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Students discuss how pentominoes figure into the plot of <i>Chasing Vermeer.</i> They solve pentomino puzzles and play an interactive game.
- Flashlight Readers Activities [teacher.scholastic.com]
- Flashlight Readers: Chasing Vermeer Pattern Puzzles [teacher.scholastic.com]
- Printable Pentominoes [www.scholastic.com] (PDF)
- Apply problem-solving skills to solve pattern puzzles
- Use logic and decision-making to create a new puzzle challenge
Discuss how pentominoes figure into the plot of Chasing Vermeer. Be sure that students understand what pentominoes are and how pentomino puzzles are solved. Explain that completing these challenging puzzles requires sharp problem-solving skills. Other logic puzzles, including the Pattern Puzzles they'll solve, require these skills as well.
Have students read the directions for the activity carefully. Show them how they can access hints for any of the highlighted words. If they wish, students can use scratch paper to help visually interpret the clues as they play.
When they've solved the puzzle, students reveal a pentomino shape and receive a secret message from Petra and Calder. When everyone has completed the activity twice, discuss the activity as a class:
- Which instructions were most challenging?
- What might the secret messages truly mean?
- What letter does each of the pentominoes they revealed stand for? (Can students think of words that begin with their letters to describe the activity?)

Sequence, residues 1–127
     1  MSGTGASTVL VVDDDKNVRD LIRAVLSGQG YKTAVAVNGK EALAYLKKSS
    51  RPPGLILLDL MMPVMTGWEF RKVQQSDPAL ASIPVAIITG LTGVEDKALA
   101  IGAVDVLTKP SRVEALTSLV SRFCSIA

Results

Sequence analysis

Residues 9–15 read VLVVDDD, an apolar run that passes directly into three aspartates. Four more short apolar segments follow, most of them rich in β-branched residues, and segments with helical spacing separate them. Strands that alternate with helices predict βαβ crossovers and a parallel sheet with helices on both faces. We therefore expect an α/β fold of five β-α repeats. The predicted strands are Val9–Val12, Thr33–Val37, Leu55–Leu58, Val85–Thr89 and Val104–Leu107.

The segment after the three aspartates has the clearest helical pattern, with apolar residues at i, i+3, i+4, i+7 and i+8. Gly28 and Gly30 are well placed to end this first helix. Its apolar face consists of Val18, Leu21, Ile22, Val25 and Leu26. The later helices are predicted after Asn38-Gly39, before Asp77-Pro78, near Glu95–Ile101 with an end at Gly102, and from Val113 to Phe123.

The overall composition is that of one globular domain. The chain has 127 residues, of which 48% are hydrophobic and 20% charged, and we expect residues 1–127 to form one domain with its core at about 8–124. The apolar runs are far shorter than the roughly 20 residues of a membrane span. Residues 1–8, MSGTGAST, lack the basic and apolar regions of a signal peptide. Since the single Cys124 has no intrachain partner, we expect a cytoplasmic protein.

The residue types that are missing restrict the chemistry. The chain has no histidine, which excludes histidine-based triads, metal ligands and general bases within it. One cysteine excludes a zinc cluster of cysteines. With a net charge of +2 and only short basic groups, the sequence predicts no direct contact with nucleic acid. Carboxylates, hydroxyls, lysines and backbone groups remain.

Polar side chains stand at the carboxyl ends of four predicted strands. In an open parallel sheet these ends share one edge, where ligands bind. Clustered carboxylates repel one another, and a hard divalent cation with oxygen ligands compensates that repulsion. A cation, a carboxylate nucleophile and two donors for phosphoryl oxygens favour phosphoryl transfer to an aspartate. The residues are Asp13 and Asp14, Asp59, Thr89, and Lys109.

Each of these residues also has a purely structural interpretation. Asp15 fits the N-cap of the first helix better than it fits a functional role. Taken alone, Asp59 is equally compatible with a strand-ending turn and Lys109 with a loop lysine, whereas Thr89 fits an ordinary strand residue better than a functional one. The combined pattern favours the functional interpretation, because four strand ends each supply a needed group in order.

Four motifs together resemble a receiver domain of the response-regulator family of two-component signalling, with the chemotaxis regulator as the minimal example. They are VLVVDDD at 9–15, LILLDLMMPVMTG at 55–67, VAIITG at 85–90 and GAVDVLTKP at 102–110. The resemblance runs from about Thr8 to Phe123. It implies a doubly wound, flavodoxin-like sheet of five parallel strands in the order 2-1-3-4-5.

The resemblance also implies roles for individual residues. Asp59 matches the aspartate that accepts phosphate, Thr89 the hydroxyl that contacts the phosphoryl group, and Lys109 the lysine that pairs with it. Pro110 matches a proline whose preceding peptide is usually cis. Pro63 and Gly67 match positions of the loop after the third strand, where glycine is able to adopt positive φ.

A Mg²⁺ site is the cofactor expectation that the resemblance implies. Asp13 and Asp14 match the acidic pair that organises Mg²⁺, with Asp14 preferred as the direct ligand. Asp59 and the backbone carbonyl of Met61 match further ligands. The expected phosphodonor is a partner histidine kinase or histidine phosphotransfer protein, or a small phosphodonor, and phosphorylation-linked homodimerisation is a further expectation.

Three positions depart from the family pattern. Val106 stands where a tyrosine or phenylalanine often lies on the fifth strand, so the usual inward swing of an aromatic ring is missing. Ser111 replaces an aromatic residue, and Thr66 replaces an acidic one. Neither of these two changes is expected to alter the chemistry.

Divide the students into teams of two or more. Distribute a set of Printable Pentominoes (PDF) to each team.
Explain that each team will work together to find a solution to fitting all the pieces together. Teams should keep track of each step they take to get to their solution.
The team will then create written instructions (in the style of the Pattern Puzzles clues) to guide another team to mimic their solution. Instructions should be as descriptive as possible. Encourage teams to incorporate several forms of Pattern Puzzles hints, such as map directions, primary and non-primary colors, left and right, and diagonal.
Once teams have perfected their puzzles, have them swap directions with another team and attempt to solve the other team's puzzle by following the instructions. Once they have completed their task, open up a discussion about how teams successfully created exciting and challenging instructions.
- Have students play the interactive pentomino game [www.scholastic.com].
- Provide examples in music or in poetry where patterns are used. Have student identify the patterns used in the creative piece. Students may then want to use the pattern to create an original work of music or poetry.
- Calder and Tommy use a special code to communicate. Have students select a partner and write each other letters using the code from the book. Ask students if it's easy or hard to communicate this way.
- Twelve ends up being an important number, especially towards the end of the novel. Have students make a list of everything that comes in sets of twelve, or by the dozen in the book and then add other example from life outside the novel.
- Tell students that your class is going to hide a treasured object and create a series of clues that other classes will need to unravel to find it. Organize several tasks around hiding the treasure and creating clues. Students will:
- Brainstorm the treasure
- Choose a place to hide it
- Create a map including the area where the object is hidden
- Write clues to lead the searchers to the treasure using the map
- Hold a competition where classes attempt to solve the mystery
- Assess student participation in the completion of the pattern game online and monitor students to see if they improve on the second or subsequent tries.
- Evaluate participation and cooperation in the group activities: did everyone contribute, were ideas shared, was there communication among team members.
- Assess student's ability to solve the logic puzzles online and the pentomino puzzle offline.